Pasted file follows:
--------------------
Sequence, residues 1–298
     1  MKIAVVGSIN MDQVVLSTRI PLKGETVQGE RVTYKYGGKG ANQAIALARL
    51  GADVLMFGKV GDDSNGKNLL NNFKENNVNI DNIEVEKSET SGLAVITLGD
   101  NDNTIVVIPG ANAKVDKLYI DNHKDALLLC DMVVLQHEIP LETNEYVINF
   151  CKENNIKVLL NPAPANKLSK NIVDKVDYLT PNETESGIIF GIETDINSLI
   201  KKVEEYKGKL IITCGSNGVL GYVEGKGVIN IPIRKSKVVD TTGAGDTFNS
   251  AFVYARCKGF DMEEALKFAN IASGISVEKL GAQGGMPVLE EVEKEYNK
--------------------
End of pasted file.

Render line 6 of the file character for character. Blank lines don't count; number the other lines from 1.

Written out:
   201  KKVEEYKGKL IITCGSNGVL GYVEGKGVIN IPIRKSKVVD TTGAGDTFNS